Washington Mystics coach and general manager Mike Thibault believed he drafted a sleeper and perhaps a future star in Belgium native Emma Meesseman. What he didn't realize in the spring of 2013 was the interior forward with hearing limitations in both ears doubled as a vocal soccer fan.
"When she came here last year, she professed not to have a huge interest in (international soccer)," Thibault said. "Maybe she was trying to be protective. Then when Belgium beat the U.S. in that friendly last year, she talked trash about it the next day."
With Belgium and the United States set to meet in a round of 16 World Cup knockout match on Tuesday, Washington's leading rebounder isn't hiding her national pride anymore.
"We're going to win. We have a good team....We're going to beat them," Belgium's lone player in the WNBA stated with smiling certainty before Sunday's home game against San Antonio.
Meesseman - she's the one on the far left in the picture above - has good reason to be confident with the World Cup matchup. Belgium allowed one goal en route to winning Group H with a 3-0 record. The Red Devils are 2-0 versus the U.S. since 2011.
"Everybody in Belgium expects us to go far because we have a good team and a high ranking. It would be great (to win the World Cup) because we have such a small country and nobody else is expecting that...Some people don't even know where we are (located)," the 21-year-old cracked.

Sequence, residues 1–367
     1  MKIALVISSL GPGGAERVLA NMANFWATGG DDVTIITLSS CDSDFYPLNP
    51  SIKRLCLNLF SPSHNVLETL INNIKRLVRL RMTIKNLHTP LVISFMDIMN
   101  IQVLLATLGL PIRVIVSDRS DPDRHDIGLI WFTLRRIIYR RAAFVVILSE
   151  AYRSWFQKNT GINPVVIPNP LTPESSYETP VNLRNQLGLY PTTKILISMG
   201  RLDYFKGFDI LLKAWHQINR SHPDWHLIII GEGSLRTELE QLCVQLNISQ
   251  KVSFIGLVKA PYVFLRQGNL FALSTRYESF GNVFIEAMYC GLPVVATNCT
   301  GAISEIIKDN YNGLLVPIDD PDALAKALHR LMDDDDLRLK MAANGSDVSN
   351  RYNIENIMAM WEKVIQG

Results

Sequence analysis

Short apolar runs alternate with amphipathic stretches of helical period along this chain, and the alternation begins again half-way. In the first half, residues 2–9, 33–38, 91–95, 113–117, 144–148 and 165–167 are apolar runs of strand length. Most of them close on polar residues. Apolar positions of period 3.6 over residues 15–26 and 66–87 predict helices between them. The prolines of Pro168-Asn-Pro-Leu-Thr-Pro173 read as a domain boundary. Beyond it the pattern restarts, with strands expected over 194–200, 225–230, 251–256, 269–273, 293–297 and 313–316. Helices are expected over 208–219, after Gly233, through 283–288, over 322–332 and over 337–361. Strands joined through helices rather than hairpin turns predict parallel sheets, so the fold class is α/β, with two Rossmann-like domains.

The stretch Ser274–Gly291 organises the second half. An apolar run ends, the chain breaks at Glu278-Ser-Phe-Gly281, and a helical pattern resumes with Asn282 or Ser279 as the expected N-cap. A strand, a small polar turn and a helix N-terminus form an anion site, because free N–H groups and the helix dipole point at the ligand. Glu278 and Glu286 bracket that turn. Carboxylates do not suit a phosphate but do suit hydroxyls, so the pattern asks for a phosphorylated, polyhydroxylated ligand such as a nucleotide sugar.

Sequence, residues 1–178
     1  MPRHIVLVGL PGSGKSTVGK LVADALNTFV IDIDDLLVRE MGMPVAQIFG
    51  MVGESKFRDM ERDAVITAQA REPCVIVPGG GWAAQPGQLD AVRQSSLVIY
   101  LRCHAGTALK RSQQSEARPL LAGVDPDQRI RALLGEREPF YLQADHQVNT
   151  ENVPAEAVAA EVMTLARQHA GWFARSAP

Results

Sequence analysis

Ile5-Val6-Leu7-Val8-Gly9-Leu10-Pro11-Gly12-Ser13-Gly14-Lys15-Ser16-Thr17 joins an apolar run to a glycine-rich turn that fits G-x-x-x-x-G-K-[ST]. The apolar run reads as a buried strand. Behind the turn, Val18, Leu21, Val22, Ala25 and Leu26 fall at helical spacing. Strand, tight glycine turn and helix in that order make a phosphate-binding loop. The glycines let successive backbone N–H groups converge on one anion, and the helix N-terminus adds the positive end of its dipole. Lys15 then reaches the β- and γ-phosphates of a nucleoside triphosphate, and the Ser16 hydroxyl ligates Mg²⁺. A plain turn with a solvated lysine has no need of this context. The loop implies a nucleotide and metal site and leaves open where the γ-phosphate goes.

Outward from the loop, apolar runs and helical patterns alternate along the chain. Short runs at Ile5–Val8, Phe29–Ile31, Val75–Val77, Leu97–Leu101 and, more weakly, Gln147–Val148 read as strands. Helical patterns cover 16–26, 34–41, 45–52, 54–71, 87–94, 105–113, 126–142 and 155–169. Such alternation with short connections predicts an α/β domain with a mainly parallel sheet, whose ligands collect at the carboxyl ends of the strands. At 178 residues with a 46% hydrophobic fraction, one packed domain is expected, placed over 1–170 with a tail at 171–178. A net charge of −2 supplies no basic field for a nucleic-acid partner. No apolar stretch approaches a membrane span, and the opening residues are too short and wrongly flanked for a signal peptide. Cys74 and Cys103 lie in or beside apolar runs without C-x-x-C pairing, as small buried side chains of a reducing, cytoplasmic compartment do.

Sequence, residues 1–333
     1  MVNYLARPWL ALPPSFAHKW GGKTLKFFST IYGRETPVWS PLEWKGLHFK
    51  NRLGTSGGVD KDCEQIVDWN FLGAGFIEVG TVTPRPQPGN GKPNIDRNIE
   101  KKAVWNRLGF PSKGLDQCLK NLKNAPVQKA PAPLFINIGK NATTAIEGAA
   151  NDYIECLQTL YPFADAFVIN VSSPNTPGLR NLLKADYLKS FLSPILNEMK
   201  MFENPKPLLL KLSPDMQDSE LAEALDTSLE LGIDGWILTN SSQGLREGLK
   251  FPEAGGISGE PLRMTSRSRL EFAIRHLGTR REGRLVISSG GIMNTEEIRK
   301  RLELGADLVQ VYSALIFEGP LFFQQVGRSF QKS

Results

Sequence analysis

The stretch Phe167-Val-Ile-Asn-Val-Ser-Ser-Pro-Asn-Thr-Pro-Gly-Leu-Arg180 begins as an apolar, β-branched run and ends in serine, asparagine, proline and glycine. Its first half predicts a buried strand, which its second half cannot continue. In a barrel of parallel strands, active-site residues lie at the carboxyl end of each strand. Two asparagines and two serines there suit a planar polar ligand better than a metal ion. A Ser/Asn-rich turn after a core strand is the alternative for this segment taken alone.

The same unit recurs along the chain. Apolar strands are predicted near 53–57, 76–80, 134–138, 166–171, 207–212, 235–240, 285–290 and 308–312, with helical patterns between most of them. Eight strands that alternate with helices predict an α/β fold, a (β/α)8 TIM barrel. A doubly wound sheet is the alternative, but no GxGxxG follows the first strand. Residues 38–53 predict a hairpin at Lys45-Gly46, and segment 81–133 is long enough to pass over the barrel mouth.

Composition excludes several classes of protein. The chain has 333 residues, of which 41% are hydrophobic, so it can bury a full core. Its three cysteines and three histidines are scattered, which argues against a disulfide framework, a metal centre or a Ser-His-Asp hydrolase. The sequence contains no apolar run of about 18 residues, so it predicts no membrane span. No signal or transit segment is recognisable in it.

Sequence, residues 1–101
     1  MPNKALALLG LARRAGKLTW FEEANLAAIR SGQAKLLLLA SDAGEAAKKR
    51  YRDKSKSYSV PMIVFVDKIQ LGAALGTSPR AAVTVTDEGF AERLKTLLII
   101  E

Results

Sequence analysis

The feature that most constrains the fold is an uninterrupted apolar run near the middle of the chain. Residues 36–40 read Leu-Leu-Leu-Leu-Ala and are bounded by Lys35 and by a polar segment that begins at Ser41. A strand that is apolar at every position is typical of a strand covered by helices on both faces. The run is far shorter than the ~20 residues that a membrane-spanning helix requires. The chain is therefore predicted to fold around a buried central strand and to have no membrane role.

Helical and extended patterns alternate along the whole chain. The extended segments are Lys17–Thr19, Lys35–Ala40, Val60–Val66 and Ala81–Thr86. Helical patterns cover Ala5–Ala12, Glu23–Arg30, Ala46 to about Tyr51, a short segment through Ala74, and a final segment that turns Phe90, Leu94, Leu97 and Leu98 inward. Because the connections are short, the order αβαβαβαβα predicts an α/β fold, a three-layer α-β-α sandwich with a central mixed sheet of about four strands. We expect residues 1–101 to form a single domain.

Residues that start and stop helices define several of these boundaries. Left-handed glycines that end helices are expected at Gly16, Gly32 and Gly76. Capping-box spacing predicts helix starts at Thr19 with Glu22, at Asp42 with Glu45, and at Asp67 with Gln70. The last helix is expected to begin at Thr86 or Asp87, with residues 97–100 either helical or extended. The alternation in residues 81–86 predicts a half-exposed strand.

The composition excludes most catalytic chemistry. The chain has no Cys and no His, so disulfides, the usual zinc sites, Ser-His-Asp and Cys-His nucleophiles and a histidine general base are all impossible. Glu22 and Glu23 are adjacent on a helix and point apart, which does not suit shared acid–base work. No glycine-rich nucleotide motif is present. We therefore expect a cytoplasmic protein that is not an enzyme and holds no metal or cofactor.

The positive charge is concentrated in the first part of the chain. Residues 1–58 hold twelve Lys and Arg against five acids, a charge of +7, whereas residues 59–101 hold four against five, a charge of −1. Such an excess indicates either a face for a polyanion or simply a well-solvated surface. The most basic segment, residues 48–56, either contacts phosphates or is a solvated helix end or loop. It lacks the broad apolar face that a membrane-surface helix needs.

On Tuesday afternoon, Meesseman won't be located in her European country but at a Belgian restaurant in Washington. Her best friend from home is stateside and brought enough national team gear for both. Whether or not any of her Mystic teammates join Meesseman for the game, she'll make sure to get in some playful jabs ahead of time and hopefully, with a Belgium win, after.
Thibault won't let her go regardless of any soccer outcome. Scouting contacts led to him discovering the point-producing forward with high and low post moves plus a high hoops IQ. Thibault also learned Meesseman was born with only 50 percent hearing overall and has worn hearing aids in both ears since she was a young child.
Washington selected Meesseman 19th overall in the 2013 draft. If eligible for the 2015 draft, her name would be called significantly earlier.
"She'd (only) be a college senior this coming year," Thibault noted with a devilish laugh, the kind that emanates from those who know they pulled a fast one. "In next year's college draft, she might be the first pick. I'd take her over any college senior next year."
This offseason, Thibault traded Crystal Langhorne, Washington's best player for several years running, in part to give Meesseman more minutes. The 6-foot-4 forward is averaging 9.0 points. 6.4 rebounds and shooting 93 percent from the free throw line. She set career-high's with 22 points and 13 rebounds on Friday in Washington's win over Connecticut.
Perhaps nobody is more surprised with her early success than Meesseman herself.
"Last year I didn't even expect to be here," she said. "I got drafted by surprise then I came here and thought I would only be here for training camp, then played the whole season, played every game. It's kind of gone fast. It's still sometimes hard to believe I'm here right now, but it's good. I'm having fun."
She'll have a lot more fun if Belgium triumphs on Tuesday. Too much trash talk to take back now.
"I just hope we will win otherwise I can't come back. That's how it's got to be."